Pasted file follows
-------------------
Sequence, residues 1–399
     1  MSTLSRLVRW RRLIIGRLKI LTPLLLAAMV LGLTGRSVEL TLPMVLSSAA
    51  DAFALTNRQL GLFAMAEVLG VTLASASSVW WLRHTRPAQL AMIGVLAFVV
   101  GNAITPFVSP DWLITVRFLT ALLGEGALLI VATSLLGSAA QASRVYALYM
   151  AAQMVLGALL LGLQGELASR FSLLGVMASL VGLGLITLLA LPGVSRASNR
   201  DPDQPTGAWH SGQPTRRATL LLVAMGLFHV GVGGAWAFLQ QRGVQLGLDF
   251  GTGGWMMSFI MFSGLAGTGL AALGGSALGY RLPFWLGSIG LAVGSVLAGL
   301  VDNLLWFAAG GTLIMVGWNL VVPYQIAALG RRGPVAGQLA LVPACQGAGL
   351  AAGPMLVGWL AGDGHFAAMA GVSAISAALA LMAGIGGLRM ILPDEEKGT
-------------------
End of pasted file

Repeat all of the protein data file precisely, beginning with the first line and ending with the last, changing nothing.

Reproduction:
Sequence, residues 1–399
     1  MSTLSRLVRW RRLIIGRLKI LTPLLLAAMV LGLTGRSVEL TLPMVLSSAA
    51  DAFALTNRQL GLFAMAEVLG VTLASASSVW WLRHTRPAQL AMIGVLAFVV
   101  GNAITPFVSP DWLITVRFLT ALLGEGALLI VATSLLGSAA QASRVYALYM
   151  AAQMVLGALL LGLQGELASR FSLLGVMASL VGLGLITLLA LPGVSRASNR
   201  DPDQPTGAWH SGQPTRRATL LLVAMGLFHV GVGGAWAFLQ QRGVQLGLDF
   251  GTGGWMMSFI MFSGLAGTGL AALGGSALGY RLPFWLGSIG LAVGSVLAGL
   301  VDNLLWFAAG GTLIMVGWNL VVPYQIAALG RRGPVAGQLA LVPACQGAGL
   351  AAGPMLVGWL AGDGHFAAMA GVSAISAALA LMAGIGGLRM ILPDEEKGT